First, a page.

WASHINGTON, June 24, 2013 /PRNewswire-USNewswire/ -- Climate change and energy will be among the key issues discussed during the American Geophysical Union's annual Science Policy Conference on 24 – 26 June. Attendees will hear from a variety of experts about climate- and energy-related consequences for the American economy and public safety, and the role science can play in solving these challenges and informing critical policy decisions. The two-day event, which draws representatives from leading scientific research institutions, federal and state agencies, industry, and NGOs, will take place at the Walter E. Washington Convention Center. Climate and energy related sessions include:
Tuesday, 25 June:
- The Water-Energy Nexus (10:30 a.m. – 12 p.m.). The session will cover how changes in water supply directly affect power systems around the world, and the impacts weather events, hydraulic fracturing, etc. have on water resources.
- Emerging Issues in U.S. Onshore Energy (1:30 – 3 p.m.). The session will cover the current energy outlook in the U.S., as well as issues concerning renewable energy sources, safe nuclear energy management, and efficiency policies.
- Science Needs for U.S. Offshore Energy Development (3:30 – 5 p.m.). The session will cover the scientific needs for offshore energy development and the types of resources to expect at the midpoint of this century.
Wednesday, 26 June:
- Preparing for Our Future: Climate Change (8:30 – 10 a.m.). The plenary will cover how a changing climate is already impacting our world and what is expected in the future. This plenary will also be streamed live.
- Potential for Carbon Capture and Storage (10:30 a.m. – 12 p.m.). The session will cover economic incentives for carbon capture and storage development, as well as the large-scale commercial adoption of advanced carbon management technologies.
- The Changing Ocean and Impacts on Human Health (10:30 a.m. – 12 p.m.). The session will cover how ocean changes—such as swelling coastal populations, increased use of marine resources, and greater stress from climate change—can lead to several adverse health conditions that affect humans.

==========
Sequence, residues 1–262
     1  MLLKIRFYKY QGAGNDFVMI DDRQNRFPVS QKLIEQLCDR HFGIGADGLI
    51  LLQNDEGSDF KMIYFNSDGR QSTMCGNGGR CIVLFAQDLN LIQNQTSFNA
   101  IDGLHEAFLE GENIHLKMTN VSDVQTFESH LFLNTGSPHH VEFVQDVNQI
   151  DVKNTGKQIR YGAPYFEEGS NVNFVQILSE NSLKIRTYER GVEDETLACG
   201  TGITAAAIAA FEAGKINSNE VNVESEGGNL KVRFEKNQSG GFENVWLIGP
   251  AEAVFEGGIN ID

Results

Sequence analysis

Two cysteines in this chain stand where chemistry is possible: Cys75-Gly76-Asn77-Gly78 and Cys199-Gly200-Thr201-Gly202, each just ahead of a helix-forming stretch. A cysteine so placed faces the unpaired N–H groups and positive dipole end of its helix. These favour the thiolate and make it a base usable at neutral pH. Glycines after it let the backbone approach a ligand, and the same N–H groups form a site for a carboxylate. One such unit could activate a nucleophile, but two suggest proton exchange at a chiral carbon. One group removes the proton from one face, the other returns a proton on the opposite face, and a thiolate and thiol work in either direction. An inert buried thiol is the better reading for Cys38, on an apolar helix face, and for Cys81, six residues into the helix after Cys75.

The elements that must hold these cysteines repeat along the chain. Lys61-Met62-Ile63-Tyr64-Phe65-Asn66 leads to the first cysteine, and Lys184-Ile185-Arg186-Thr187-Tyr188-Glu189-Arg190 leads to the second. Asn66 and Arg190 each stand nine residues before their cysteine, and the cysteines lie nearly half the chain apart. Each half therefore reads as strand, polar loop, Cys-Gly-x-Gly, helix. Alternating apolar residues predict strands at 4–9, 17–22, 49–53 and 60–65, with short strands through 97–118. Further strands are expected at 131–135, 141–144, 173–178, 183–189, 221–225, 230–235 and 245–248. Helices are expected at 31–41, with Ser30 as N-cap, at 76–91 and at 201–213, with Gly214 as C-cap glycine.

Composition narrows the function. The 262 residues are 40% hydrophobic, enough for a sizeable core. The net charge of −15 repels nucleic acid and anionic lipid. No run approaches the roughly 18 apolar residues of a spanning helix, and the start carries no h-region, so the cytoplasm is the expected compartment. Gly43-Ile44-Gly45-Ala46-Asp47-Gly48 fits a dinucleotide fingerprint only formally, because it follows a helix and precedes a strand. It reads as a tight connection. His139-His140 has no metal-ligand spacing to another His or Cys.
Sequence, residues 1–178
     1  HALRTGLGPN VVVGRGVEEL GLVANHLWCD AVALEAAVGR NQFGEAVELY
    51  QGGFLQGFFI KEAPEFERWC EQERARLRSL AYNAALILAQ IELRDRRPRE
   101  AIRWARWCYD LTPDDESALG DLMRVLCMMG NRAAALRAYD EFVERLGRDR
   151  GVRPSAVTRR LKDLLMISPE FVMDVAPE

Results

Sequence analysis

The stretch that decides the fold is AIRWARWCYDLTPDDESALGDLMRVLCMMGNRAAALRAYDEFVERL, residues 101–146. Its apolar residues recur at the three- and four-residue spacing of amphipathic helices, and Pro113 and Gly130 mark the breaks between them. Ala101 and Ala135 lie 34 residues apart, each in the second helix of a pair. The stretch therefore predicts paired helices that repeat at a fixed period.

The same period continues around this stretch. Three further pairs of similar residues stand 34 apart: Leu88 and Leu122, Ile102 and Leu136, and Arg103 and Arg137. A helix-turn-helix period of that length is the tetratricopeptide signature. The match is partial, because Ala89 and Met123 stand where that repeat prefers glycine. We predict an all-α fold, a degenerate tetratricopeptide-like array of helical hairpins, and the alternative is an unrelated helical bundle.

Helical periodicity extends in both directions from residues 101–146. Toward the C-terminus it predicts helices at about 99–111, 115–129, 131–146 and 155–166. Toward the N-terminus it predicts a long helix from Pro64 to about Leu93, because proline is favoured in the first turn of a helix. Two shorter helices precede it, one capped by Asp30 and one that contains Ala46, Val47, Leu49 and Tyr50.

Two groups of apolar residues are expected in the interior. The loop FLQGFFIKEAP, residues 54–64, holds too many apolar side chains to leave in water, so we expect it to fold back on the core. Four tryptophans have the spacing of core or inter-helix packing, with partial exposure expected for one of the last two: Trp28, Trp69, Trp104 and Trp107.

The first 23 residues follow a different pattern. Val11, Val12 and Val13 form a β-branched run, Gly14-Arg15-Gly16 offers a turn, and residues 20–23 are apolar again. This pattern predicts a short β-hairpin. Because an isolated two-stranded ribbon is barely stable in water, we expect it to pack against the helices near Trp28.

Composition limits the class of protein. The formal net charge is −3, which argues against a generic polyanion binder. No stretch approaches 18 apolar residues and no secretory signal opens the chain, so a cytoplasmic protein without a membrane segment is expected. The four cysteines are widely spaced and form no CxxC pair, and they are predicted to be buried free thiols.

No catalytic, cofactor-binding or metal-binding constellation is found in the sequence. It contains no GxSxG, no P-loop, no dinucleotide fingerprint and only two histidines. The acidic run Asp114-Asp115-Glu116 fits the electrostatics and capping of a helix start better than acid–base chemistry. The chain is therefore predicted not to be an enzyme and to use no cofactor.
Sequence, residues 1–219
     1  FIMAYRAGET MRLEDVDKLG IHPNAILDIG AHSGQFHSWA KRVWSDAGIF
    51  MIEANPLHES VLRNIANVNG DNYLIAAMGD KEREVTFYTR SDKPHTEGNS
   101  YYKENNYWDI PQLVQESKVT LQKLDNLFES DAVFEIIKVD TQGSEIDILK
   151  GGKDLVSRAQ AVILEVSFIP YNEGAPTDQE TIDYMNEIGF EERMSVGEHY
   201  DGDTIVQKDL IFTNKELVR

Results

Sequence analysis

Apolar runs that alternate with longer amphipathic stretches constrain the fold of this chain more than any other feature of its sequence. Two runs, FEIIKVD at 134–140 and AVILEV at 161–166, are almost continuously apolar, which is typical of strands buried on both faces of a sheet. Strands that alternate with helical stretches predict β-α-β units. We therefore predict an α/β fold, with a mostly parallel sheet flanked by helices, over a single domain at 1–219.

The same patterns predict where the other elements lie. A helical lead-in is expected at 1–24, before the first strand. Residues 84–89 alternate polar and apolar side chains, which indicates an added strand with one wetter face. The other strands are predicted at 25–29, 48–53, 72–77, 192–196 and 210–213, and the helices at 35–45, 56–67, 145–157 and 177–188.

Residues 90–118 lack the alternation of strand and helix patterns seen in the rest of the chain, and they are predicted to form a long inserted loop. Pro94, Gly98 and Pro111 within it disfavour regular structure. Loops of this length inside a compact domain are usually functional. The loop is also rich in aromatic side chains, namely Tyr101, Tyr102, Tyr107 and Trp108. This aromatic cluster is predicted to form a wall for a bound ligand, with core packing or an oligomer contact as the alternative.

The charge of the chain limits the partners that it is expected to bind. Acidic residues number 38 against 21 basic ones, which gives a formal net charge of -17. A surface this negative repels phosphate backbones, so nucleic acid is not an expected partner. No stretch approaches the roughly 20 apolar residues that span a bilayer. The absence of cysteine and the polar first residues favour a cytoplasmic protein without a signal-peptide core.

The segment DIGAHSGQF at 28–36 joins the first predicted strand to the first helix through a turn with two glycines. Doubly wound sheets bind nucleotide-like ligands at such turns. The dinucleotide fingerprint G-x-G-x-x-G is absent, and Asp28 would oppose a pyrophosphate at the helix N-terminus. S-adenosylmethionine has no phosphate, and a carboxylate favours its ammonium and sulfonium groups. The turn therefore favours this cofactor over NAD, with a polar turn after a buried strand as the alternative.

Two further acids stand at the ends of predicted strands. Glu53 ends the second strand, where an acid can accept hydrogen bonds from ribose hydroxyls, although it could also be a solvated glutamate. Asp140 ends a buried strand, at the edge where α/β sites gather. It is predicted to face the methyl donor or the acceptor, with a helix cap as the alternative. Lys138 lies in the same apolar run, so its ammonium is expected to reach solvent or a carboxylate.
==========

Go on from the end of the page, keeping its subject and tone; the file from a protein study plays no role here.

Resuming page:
- Drowning and Drought: Agricultural Impacts of Climate Change (10:30 a.m. – 12 p.m.). The session will cover climate change's effects on American farmland and what science shows the future might hold.
- Sea Level Rise: Science Needed for Local Decisions (1:30 – 3 p.m.). The session will cover the science, current planning and adaptation strategies, and the policy and communication challenges that communities face in regards to sea-level rise.
- Climate Change Effects on Human Health (1:30 – 3 p.m.). The session will cover climate change's potentially deadly impacts on what we eat, the air we breathe, the water we drink, as well as the spread of climate-sensitive diseases.
To see a full list of speakers and sessions, please visit the Science Policy Conference Web site. Members of the news media including print, broadcast and online journalists, as well as public information officers, may register onsite at the conference. Registrants will receive, at no charge, a badge that provides access to all of the scientific sessions of the meeting, as well as to the onsite press room.
The American Geophysical Union (AGU) is a not-for-profit, professional, scientific organization with more than 62,000 members representing over 144 countries. AGU advances the Earth and space sciences through its scholarly publications, conferences, and outreach programs. www.agu.org
SOURCE American Geophysical Union